The automotive industry across the world is going through a very challenging phase thanks to several reasons such as slowdown of growth in China, tightening emissions control, shift towards sustainable mobility, and lack of clarity on government regulations in many countries; and now the coronavirus outbreak has almost brought the industry to the breaking point. However, things for the extreme top-end of the automotive market aren’t the same as most of the major players in the segment have been posting stellar growth numbers over the last several years. And the name that has been consistently on the top is that of Ferrari. The Italian marque sold a record 10,131 cars in 2019 while making a massive profit on each unit it sold. A new report published by Fiat Group World, an unaffiliated Fiat Chrysler Automobiles website, claims Ferrari had a 23.2 percent operation margin on each car it sold in 2019. On doing simple math, the profit on every Ferrari sold comes out to €86,369 (about $95,000 according to current exchange rates).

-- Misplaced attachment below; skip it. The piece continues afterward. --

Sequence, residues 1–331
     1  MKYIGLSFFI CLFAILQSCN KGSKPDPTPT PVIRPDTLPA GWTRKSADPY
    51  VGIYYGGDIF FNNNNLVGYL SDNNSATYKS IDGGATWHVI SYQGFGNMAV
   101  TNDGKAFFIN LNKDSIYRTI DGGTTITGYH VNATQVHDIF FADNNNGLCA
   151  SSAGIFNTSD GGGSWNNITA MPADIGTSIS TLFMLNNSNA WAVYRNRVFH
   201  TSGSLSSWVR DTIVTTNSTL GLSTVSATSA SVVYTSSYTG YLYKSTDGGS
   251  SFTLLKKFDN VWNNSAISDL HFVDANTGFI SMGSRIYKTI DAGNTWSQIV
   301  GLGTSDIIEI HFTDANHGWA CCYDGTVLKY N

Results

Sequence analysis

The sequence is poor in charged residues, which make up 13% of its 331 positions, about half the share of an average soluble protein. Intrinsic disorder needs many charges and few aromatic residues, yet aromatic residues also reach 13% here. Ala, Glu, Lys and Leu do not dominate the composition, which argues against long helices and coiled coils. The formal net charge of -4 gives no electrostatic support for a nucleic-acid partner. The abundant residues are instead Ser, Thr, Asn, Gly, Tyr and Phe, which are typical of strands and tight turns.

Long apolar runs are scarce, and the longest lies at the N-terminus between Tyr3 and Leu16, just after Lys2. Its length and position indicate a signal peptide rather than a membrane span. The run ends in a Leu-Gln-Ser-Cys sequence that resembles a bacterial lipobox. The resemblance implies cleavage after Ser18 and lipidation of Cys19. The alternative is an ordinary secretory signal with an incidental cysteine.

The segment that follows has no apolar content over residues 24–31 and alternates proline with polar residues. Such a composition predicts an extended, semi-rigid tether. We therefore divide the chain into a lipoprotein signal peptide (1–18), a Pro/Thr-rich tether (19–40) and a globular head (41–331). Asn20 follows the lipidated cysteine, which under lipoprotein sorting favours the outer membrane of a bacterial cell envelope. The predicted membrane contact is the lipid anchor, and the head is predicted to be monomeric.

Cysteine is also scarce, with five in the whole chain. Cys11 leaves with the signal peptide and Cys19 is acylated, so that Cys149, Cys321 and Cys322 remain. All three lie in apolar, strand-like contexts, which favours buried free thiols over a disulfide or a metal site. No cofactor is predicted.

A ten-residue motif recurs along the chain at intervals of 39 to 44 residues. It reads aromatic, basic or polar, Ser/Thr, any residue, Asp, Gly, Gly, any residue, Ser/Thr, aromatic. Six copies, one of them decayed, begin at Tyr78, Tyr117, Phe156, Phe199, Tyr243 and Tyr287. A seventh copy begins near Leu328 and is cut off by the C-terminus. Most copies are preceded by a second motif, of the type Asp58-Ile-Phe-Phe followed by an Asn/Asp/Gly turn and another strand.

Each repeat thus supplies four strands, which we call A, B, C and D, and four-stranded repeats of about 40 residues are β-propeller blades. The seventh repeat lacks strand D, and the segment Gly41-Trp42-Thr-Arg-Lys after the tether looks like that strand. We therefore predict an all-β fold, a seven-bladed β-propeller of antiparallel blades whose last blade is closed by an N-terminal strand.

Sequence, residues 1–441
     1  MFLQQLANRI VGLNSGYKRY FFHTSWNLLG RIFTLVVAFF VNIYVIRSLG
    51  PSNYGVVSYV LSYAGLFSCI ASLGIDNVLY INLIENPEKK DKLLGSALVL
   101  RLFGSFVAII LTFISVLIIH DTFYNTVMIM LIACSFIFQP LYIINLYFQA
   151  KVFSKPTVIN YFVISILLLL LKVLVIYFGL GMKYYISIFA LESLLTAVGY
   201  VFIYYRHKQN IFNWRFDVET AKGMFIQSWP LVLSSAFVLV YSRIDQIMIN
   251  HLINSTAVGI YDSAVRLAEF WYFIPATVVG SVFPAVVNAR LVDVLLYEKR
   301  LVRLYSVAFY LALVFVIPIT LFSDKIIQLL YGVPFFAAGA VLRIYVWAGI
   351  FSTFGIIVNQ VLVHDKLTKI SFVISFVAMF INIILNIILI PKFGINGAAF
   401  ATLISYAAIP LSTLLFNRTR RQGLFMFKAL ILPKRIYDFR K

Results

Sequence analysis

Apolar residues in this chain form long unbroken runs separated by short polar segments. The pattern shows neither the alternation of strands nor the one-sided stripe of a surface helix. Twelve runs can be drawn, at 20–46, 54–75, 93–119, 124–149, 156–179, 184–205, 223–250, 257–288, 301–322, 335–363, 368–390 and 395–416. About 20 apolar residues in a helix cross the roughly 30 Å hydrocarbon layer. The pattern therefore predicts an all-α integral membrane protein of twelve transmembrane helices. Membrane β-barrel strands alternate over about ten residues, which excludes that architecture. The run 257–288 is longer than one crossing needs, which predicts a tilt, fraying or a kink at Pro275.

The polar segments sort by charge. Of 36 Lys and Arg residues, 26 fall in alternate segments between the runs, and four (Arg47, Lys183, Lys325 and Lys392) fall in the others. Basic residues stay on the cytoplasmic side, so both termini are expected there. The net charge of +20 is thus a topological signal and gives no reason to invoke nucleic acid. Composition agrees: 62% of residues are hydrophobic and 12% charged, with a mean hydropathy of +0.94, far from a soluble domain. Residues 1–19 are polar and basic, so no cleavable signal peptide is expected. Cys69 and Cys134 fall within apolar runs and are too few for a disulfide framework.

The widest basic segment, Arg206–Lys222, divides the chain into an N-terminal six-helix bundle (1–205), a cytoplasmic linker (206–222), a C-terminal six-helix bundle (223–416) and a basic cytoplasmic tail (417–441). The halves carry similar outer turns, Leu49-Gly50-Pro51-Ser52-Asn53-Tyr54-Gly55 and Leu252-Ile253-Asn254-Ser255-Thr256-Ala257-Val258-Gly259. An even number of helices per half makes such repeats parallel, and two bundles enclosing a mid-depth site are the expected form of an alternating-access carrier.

An operating margin of 23.2 percent on each unit is absolutely mind-boggling, especially considering the current market. However, one needs to keep in mind that 2019 wasn’t a one-off year for Ferrari in terms of profit earned on each car sold. In fact, Ferrari has been the most profitable automotive brand across the world for several years now. To put things into perspective, the report by the publication went on to compare the operating margin of Ferrari with several other automobile manufacturers. The report says German automobile giant BMW would need to sell 30 vehicles to equal the earnings of one Ferrari sold, while VW would need to sell 56 units. Mercedes, on the other hand, will need to sell 67 cars to make the profit. However, things are a lot different for mass-production entities. A whopping 908 Ford vehicles and 928 Nissans will need to fly off the dealerships to make the same amount of profit made by Ferrari. While Ferrari has been consistently growing over the last few years, 2020 might not be the same for the Italian supercar manufacturer; especially with the forced lockdown of the factories because of the coronavirus pandemic.
[Via: Motor 1]